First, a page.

Changes in Overload Resolution

Overload resolution in Scala 3 improves on Scala 2 in three ways. First, it takes all argument lists into account instead of just the first argument list. Second, it can infer parameter types of function values even if they are in the first argument list. Third, default arguments are no longer relevant for prioritization.

Looking Beyond the First Argument List

Overloading resolution now can take argument lists into account when choosing among a set of overloaded alternatives. For example, the following code compiles in Scala 3, while it results in an ambiguous overload error in Scala 2:

def f(x: Int)(y: String): Int = 0
def f(x: Int)(y: Int): Int = 0

f(3)("")     // ok

The following code compiles as well:

def g(x: Int)(y: Int)(z: Int): Int = 0
def g(x: Int)(y: Int)(z: String): Int = 0

g(2)(3)(4)     // ok
g(2)(3)("")    // ok

To make this work, the rules for overloading resolution in SLS §6.26.3 are augmented as follows:

In a situation where a function is applied to more than one argument list, if overloading resolution yields several competing alternatives when n >= 1 parameter lists are taken into account, then resolution re-tried using n + 1 argument lists.

This change is motivated by the new language feature extension methods, where emerges the need to do overload resolution based on additional argument blocks.

Parameter Types of Function Values

The handling of function values with missing parameter types has been improved. We can now pass such values in the first argument list of an overloaded application, provided that the remaining parameters suffice for picking a variant of the overloaded function. For example, the following code compiles in Scala 3, while it results in a missing parameter type error in Scala2:

def f(x: Int, f2: Int => Int) = f2(x)
def f(x: String, f2: String => String) = f2(x)
f("a", _.toUpperCase)
f(2, _ * 2)

To make this work, the rules for overloading resolution in SLS §6.26.3 are modified as follows:

Replace the sentence

Otherwise, let S1,…,Sm be the vector of types obtained by typing each argument with an undefined expected type.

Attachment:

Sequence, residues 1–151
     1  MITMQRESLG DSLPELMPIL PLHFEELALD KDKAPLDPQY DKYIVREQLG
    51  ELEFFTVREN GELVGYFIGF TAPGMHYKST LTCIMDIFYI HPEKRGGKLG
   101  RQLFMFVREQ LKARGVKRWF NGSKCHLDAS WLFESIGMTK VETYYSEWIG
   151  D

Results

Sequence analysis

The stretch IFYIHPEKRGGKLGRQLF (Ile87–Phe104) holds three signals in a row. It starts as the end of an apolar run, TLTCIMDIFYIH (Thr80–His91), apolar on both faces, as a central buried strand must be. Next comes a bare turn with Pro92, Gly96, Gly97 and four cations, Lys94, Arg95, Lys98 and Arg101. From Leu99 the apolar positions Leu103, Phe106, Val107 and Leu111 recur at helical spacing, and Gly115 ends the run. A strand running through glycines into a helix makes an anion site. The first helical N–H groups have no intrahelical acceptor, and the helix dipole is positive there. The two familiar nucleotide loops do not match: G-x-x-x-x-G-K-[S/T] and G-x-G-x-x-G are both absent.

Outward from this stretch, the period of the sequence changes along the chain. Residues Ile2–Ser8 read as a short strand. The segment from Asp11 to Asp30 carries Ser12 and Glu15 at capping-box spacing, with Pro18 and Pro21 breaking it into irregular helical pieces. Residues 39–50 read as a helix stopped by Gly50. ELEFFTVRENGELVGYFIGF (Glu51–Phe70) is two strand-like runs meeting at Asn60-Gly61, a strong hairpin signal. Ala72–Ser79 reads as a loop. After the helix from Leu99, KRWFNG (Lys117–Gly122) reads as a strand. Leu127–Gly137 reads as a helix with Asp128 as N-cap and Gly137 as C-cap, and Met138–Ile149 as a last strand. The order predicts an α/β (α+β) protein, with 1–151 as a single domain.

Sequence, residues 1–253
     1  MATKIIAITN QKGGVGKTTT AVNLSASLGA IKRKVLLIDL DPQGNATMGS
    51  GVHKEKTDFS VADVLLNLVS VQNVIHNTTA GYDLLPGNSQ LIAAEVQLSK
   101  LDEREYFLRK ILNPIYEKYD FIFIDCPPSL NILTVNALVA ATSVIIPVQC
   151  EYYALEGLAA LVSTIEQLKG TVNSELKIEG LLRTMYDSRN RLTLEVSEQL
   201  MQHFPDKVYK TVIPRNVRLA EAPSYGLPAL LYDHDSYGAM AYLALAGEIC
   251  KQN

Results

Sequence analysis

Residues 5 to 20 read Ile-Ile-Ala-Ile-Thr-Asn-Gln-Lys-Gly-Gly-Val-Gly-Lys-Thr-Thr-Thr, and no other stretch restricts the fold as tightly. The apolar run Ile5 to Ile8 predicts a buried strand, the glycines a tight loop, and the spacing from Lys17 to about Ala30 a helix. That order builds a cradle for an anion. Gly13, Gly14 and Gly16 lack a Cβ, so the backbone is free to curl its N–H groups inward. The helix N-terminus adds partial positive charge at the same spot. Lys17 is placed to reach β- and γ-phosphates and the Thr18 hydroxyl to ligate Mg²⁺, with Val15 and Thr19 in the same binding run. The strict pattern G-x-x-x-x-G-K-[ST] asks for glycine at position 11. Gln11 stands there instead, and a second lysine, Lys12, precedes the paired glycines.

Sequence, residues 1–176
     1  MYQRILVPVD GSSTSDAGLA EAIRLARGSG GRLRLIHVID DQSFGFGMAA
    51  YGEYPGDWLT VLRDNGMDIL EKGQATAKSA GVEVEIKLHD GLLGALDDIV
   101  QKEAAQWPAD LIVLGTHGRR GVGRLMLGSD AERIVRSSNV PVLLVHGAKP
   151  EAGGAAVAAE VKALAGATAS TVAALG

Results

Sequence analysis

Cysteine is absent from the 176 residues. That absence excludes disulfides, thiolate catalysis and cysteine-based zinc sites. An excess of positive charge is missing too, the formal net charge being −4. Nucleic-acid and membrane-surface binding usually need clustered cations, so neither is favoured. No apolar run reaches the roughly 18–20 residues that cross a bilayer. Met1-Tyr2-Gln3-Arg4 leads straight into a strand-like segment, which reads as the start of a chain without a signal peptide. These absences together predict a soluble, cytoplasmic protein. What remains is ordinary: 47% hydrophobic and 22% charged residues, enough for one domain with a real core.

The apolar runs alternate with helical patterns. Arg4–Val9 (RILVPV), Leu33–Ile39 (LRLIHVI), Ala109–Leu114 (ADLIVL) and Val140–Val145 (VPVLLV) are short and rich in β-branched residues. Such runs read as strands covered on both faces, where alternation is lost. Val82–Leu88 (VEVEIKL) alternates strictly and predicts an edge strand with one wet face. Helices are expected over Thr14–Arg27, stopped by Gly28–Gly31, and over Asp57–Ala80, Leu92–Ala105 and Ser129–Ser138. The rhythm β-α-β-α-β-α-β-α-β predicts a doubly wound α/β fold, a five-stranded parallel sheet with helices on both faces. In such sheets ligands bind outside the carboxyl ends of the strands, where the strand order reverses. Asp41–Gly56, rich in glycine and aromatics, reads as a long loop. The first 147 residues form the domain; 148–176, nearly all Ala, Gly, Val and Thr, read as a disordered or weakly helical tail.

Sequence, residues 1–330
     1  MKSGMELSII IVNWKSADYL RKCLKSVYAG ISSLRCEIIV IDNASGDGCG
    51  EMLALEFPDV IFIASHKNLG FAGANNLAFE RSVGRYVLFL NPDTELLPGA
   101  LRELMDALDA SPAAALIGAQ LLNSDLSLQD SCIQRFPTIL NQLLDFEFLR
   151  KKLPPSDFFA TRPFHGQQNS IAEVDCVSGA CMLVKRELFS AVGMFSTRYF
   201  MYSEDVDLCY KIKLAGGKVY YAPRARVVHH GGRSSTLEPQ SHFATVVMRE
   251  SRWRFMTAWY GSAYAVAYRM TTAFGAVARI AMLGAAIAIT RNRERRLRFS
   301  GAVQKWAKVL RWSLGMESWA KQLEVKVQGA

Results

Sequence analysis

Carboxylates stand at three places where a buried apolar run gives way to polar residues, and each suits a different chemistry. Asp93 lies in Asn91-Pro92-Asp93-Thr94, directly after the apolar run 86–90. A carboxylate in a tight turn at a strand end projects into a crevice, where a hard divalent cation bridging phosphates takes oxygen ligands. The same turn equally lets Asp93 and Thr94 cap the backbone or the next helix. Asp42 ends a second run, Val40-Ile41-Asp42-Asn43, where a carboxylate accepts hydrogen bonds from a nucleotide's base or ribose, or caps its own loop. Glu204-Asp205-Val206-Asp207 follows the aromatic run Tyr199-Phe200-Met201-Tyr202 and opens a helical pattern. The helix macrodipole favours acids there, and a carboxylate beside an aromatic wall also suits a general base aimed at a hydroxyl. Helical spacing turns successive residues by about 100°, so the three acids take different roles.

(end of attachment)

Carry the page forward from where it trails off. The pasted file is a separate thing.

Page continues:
with the following paragraph:

Otherwise, let S1,…,Sm be the vector of known types of all argument types, where the known type of an argument E is determined as followed:

  • If E is a function value (p_1, ..., p_n) => B that misses some parameter types, the known type of E is (S_1, ..., S_n) => ?, where each S_i is the type of parameter p_i if it is given, or ? otherwise. Here ? stands for a wildcard type that is compatible with every other type.
  • Otherwise the known type of E is the result of typing E with an undefined expected type.

A pattern matching closure

{ case P1 => B1 ... case P_n => B_n }

is treated as if it was expanded to the function value

x => x match { case P1 => B1 ... case P_n => B_n }

and is therefore also approximated with a ? => ? type.

Default Arguments Are No longer Relevant for Prioritization

In Scala 2 if among several applicative alternatives one alternative had default arguments, that alternative was dropped from consideration. This has the unfortunate side effect that adding a default to a parameter of a method can render this method invisible in overloaded calls.

Scala 3 drops this distinction. Methods with default parameters are not treated to have lower priority than other methods.

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